August 30, 2022 | 5 min read

Why community-based propositions matter

During the two years of lockdowns and restrictions that prevented us from doing so many of the things we love, there was perhaps one activity that almost everyone yearned the most. Simply hanging out with our fellow humans.

That’s because time spent with friends and family helps give us a sense of community, benefitting our physical and mental wellbeing.

But even when we were unable to see those we care about face to face, a good deal of us found community online and sought out initiatives to help our neighbourhoods and folk in need.

According to the United Nations, the pandemic sparked a surge in new volunteers.

For instance, the International Committee of the Red Cross received 48,000 sign-ups in the Netherlands and 60,000 in Italy. France’s Tous Bénévoles platform attracted 40,000 new volunteers.

In short, lots of people want to be part of something bigger – and make a difference to their local and often the global community.

Indeed, finance providers can play a positive role supporting and strengthening communities too, with specialist lenders created by socially-minded entrepreneurs or communities making a measurable impact. Community lending refers to an arrangement where a group can take out a loan from, or put money into, a shared pool of money between a community of people with cultural similarities or shared interests. In its 2022 Impact Report, Responsible Finance, the membership body for responsible finance providers, revealed that non-profit and asset-locked CDFIs (community development finance institutions, community lenders) lent £34 million to 67,000 customers.

According to the report, a further £25 million was lent by responsible finance providers with a mission to provide innovative, new ways of transparently accessing credit. Of these loans, 98% were of £1,000 or less and 96% were for a term of 12 months or less, with an average loan size across the sector of £374.

Responsible Finance claims that the loans helped every customer “save at least £190 compared with high-cost lenders’ published rates”, keeping £30m in lower-income households.

Marqeta’s latest research published in our Seeking out the alternatives: how consumers are engaging with the Lending 3.0 landscape report examined people’s attitudes towards community lending alongside a range of other modern finance propositions. A fifth of the people we surveyed would “definitely” be up for joining a lending community and a third of respondents would be interested in learning more.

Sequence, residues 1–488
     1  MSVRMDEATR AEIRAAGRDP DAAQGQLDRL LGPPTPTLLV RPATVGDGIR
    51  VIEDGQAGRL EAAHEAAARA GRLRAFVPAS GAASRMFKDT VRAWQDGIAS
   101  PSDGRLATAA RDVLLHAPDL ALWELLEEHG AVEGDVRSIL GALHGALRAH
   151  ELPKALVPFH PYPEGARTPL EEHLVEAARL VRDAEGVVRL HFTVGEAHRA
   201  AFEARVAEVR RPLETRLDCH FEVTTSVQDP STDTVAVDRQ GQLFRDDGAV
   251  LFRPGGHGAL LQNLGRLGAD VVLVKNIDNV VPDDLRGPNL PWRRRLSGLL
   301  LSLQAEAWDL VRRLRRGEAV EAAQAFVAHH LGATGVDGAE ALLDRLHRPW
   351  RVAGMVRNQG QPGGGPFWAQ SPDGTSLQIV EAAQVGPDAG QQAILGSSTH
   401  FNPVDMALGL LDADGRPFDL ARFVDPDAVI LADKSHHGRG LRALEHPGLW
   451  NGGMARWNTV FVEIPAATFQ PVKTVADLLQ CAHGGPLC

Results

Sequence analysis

Our audience also told us they were most likely to choose a community lender for repayment flexibility benefits, and three quarters of respondents liked the idea of lending making a positive impact in their community. There was, however, some scepticism towards placing all of one’s banking into the hands of a community-based entity, with 64% of surveyed people telling us they “wouldn’t trust any community enough to bank with them”. In terms of a generation split, younger audiences appear to be more inclined to use a community lender, with an average of 38.5% those aged between 18 and 54 surveyed stating that they’d be interested in learning more about joining a lending community as opposed to just 21.2% of people surveyed aged 55 and above.

Additionally, men seem to be more in favour of joining a lending community than women, at 59.3% versus 48.9% being either definitely open to the idea or interested in learning more.

Taken together, these various pieces of research highlight a significant need for finance providers to develop propositions for the underserved and aid financial inclusion – particularly at a time of high inflation, when more people may be struggling with the cost of living.

The research also shows a strong appetite among consumers surveyed for lending propositions that deliver public goods. This could be supporting environmental restoration initiatives, helping disadvantaged families with monthly bills, or funding health and social care charities amongst other causes.

Perhaps the key takeaway though is this: lenders who find ways to harness people’s desire for strong communities and then weave that into their business model, stand a good chance of thriving long into the future.

This content forms part of a series of blogs exploring the findings in our research paper, Seeking out the alternatives: how consumers are engaging with the Lending 3.0 landscape. The first blog – about digital currencies’ role in finance – can be viewed here.

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